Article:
To boost the assimilation operation, the government set up Indian facilities that attempted to quickly and forcefully Americanize Indian youth. As per the director of the Carlisle Indian School in Pennsylvania, the schools were developed to “kill the Indian and save the man.” In order to accomplish this goal, the schools required students to speak only English, put on proper American fashion and to switch their Indian names with more “American” ones. These new regulations brought Native Americans nearer to the end of their established tribal identity and the beginning of their daily life as citizens under the complete control of the U.S. authorities.
Native American Treaties with the United States
In 1887, Congress enacted the General Allotment Act, the most important element of the U.S. government’s assimilation platform, which was developed to “civilize” American Indians by teaching them to become farmers. In order to achieve this, Congress planned to establish non-public ownership of Indian property by dividing reservations, which were collectively held, and providing each family their own stretch of land.
In addition to this, by forcing the Native Americans onto small plots, western developers and settlers could purchase the left over land. The General Allotment Act, often called the Dawes Act, required that the Indian lands be surveyed and every family be given an allotment of between 80 and 160 acres, while unmarried adults received between 40 to 80 acres; the rest of the territory was to be sold. Congress was hoping that the Dawes Act would break-up Indian tribes and encourage individual enterprise, while cutting down the cost of Indian supervision and providing prime land to be purchased by white settlers.
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The Dawes Act turned out to be disastrous for the American Indians; over the next decades they existed under policies that outlawed their traditional way of life yet didn’t supply the critical resources to support their businesses and households. Dividing the reservations into small parcels of land brought about the significant reduction of Indian-owned property. Within three decades, the tribes had lost more than two-thirds of the acreage that they had controlled before the Dawes Act was enacted in 1887; the majority of the remaining land was sold to white settlers.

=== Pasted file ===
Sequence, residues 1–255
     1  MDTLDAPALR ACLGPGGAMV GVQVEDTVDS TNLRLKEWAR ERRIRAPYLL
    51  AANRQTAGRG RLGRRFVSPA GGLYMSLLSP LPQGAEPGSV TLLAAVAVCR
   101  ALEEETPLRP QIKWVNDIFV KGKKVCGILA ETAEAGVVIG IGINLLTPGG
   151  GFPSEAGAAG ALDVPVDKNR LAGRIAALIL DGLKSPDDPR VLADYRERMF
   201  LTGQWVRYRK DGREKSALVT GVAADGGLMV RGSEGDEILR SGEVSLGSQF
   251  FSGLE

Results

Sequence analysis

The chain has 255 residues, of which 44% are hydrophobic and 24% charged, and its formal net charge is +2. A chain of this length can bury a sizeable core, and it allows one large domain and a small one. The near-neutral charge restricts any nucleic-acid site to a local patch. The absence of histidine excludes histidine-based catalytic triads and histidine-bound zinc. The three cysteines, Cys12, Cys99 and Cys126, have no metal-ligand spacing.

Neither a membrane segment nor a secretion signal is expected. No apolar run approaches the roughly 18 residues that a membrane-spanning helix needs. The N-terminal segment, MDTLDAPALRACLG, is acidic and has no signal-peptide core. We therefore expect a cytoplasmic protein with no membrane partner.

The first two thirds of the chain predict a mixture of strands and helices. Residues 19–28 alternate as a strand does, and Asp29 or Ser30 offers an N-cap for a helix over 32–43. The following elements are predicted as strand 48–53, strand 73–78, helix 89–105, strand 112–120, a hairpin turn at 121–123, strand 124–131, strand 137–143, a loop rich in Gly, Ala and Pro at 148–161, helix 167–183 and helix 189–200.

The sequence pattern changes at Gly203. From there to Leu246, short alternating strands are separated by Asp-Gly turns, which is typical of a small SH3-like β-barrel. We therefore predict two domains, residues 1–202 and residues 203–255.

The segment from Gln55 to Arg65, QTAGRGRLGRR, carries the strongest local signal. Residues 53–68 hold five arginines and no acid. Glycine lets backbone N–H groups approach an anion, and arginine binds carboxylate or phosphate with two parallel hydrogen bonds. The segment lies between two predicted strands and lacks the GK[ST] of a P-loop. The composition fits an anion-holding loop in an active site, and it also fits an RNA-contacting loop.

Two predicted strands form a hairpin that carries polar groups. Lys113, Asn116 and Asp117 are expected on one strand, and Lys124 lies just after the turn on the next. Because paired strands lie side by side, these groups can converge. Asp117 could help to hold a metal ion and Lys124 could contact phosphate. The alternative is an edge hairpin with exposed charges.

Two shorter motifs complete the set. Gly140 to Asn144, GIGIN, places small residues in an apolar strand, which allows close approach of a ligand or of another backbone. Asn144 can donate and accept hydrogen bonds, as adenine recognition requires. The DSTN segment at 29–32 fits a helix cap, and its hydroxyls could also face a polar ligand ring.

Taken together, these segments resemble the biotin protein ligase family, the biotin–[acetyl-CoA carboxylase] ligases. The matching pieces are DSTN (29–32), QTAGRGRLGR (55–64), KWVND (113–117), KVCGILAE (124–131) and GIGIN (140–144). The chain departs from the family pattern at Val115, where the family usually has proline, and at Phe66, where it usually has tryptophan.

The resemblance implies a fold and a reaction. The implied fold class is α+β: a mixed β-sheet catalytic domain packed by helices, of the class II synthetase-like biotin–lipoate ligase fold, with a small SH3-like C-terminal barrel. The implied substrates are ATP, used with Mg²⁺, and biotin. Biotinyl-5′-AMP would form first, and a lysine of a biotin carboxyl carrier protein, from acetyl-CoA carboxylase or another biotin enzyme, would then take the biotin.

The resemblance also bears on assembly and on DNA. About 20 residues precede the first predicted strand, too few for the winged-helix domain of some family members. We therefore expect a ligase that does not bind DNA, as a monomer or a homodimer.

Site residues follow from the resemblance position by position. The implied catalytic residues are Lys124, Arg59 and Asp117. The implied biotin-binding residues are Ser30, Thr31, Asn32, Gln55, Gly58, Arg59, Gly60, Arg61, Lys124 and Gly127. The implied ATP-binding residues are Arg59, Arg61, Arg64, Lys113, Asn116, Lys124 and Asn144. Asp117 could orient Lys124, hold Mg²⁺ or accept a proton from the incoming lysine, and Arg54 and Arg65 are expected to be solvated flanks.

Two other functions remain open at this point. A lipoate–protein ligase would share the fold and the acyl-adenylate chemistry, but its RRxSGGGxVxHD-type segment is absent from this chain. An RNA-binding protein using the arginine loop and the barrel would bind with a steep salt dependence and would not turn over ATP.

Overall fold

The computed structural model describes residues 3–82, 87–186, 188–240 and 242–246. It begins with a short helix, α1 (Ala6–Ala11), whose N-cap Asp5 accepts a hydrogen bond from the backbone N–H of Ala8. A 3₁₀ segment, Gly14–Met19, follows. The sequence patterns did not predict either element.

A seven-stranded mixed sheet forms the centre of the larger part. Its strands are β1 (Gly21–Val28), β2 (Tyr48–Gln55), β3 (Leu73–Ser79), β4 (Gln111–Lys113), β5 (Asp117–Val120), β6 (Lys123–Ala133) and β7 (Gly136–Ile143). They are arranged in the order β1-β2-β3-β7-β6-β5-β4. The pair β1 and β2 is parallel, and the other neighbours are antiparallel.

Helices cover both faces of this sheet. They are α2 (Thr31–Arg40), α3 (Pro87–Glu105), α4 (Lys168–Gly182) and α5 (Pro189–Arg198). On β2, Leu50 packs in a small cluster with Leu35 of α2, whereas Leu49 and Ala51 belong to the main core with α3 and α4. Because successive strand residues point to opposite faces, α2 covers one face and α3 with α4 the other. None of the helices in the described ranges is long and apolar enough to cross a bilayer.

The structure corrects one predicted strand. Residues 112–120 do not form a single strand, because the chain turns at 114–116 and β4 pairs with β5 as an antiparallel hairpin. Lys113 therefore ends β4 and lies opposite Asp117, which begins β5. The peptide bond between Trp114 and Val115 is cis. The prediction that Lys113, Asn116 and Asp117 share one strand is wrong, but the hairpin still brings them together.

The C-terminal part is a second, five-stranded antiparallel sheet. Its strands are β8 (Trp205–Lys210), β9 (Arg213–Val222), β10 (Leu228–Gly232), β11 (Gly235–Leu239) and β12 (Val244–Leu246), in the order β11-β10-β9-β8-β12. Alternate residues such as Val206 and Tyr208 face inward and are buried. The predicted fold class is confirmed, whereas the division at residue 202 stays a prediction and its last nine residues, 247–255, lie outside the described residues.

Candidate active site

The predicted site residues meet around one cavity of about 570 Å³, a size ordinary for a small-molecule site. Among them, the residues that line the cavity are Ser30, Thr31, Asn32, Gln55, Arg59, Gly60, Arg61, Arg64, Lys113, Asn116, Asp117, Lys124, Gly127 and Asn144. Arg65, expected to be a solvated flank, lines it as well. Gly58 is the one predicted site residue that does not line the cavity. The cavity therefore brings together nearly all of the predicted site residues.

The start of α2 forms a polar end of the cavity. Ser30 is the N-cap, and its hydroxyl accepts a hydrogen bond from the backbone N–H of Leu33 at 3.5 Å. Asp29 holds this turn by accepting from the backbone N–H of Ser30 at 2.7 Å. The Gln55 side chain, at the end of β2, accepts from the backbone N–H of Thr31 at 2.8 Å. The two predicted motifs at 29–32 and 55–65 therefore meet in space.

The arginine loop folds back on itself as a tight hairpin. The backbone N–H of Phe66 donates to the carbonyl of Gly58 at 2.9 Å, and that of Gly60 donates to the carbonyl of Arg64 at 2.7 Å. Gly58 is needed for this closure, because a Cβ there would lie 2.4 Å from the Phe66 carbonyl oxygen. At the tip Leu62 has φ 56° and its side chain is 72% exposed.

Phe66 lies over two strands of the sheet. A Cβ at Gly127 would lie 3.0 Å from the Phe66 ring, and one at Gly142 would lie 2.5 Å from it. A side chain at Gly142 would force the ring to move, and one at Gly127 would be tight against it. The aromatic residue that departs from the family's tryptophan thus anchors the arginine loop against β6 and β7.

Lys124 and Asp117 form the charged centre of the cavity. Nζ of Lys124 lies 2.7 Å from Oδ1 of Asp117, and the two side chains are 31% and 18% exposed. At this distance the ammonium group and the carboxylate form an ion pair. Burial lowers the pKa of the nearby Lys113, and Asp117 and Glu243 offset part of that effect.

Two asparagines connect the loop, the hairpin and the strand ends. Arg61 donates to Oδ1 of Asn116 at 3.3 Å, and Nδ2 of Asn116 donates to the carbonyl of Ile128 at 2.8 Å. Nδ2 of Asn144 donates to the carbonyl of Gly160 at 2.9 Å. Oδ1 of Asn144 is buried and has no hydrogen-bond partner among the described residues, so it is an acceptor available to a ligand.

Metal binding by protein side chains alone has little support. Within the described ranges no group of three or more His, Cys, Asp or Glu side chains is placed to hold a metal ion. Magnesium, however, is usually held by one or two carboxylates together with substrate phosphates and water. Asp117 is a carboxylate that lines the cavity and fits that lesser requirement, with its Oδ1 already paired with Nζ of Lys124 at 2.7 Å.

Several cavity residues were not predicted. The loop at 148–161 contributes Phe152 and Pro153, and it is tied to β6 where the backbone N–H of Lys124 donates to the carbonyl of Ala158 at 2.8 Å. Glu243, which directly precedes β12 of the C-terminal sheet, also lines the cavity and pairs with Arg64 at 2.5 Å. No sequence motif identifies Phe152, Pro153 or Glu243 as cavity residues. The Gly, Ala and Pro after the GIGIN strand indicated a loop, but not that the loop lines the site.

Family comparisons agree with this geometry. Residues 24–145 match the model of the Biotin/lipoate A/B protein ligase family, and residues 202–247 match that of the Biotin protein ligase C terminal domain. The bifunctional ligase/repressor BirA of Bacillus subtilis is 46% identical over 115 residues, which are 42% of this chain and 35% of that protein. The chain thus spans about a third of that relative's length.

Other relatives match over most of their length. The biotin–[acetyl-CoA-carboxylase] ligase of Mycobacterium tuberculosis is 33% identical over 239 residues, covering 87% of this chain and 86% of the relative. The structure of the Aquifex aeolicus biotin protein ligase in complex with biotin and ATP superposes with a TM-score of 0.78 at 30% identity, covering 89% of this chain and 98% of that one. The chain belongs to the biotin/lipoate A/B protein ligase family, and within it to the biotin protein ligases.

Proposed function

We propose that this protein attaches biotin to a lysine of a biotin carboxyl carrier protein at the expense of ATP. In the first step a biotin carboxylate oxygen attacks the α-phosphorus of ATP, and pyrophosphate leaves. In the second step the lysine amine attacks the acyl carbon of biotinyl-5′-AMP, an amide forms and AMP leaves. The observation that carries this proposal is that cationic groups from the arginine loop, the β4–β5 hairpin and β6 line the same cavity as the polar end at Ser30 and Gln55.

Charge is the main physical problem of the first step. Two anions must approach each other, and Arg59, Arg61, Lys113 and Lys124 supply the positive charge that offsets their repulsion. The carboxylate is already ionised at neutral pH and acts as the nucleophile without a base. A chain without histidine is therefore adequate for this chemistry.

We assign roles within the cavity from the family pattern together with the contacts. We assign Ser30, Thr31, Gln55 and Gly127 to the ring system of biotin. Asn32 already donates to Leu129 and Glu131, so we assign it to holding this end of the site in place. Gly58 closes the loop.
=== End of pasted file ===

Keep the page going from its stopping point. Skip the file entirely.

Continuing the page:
Usually, Native Americans were duped out of their allotments or were forced to sell off their land in order pay bills and feed their families. Consequently, the Indians were not “Americanized” and were generally unable to become self-supporting farmers or ranchers, as the creators of the policy had anticipated. It also produced anger among Indians for the U.S. government, as the allotment method sometimes ruined land that was the spiritual and cultural center of their activities.
Native American Culture
Between 1850 and 1900, life for Native Americans changed radically. Due to U.S. government regulations, American Indians were forced from their places of residence as their native lands were parceled out. The Plains, which they had previously roamed without restriction, were now filled with white settlers.
The Upshot of the Indian Wars
Over all these years the Indians had been defrauded out of their territory, food and way of life, as the federal government’s Indian regulations coerced them inside reservations and tried to “Americanize” them. Many American Indian bands did not survive relocation, cultural destruction and military loss; by 1890 the Native American population was reduced to less than 250,000 people. Due to decades of discriminatory and dodgy policies instituted by the United States government between 1850 and 1900, life for the American Indians was changed permanently.